Find ways, and means, to educate patients. It will pay off.
A true story to share.
A patient called us, quite upset, after she got home from an office visit. She said driving had been challenging and scary in the dark because her vision was blurry. Had staff advised, before dilating her pupils, that her vision would be temporarily altered, we asked. Staff had said something, the patient said, but had never explained what pupils were or what dilation meant.
A valuable lesson here. Staff did as they were trained, but the practice got blamed anyway because this woman didn’t understand what would happen to her. She had not been queried about her comprehension, and it’s unlikely that she would have checked her smartphone or asked staff to explain: Embarrassment is a strong emotion.
ACTIVE EXERCISES ONLY
Health literacy, which I equate to patient education, cannot be a passive exercise. Yes, health literacy is about acknowledging the poor average-reading level in this country, but it’s more than that. If patients are to appreciate what we can do for their vision, then they need to appreciate the scope and scale of our offerings. The option to pay for services is relatively new. Patients need more information considering the broader options in diagnostics and premium IOLs that are now available to them.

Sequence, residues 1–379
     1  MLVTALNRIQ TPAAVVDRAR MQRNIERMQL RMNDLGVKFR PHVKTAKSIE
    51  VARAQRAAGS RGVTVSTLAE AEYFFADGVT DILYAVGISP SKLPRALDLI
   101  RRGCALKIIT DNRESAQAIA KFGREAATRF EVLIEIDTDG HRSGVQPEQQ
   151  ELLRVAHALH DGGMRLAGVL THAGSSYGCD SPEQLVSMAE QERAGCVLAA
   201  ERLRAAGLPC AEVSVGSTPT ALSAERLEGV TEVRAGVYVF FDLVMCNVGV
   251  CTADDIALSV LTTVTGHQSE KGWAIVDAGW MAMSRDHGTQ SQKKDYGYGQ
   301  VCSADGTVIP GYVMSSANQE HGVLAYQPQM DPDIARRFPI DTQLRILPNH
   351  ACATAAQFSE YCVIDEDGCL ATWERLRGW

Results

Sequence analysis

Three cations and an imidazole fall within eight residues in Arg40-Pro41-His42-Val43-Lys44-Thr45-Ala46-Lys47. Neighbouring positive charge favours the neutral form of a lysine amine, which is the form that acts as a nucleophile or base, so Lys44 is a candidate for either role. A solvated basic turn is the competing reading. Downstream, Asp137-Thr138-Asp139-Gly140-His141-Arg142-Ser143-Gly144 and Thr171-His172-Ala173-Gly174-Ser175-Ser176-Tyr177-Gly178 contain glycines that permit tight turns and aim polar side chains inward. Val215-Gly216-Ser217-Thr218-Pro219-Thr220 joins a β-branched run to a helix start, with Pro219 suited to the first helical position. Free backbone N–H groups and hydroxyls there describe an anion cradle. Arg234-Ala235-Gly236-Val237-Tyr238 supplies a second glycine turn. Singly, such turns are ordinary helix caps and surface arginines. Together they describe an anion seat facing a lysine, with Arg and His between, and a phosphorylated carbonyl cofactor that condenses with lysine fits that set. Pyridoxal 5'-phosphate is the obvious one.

So, it is up to us, staff included, to teach them by speaking accessible language and by using patient-friendly technology.
SYNAPSE TO SYNAPSE, EYE TO EYE
When we, as physicians, speak with our patients, we don’t always remember that we are in doctor mode. We are making complex decisions in our brain, and then have to translate that complexity to the level of the lay person. It’s like switching between multiple languages.
In our practice, physicians and surgical coordinator sit at the same level as the patient when we speak with him. After we review the patient’s condition, we e-mail a video that explains the diagnosis and recommended procedure. The explanation is animated with a voice-over.
For example, if the patient has a cataract, the video would include general information of the clouded lens, the phacoemulsification process and IOL implant types. In the likelihood that the patient has astigmatism, the video would cover toric implants as well. The patient also receives brochures supplying information on premium implants.
In the exam room, we utilize e-tablets that contain information about patients’ diagnoses. If they have glaucoma, for example, they will receive a visual explanation of the disease state and affected anatomy.
Some might consider all this a waste of time, but our conversion rates to advanced technology lenses and out-of-pocket services make it worth our while. And happy patients usually tell their friends. OM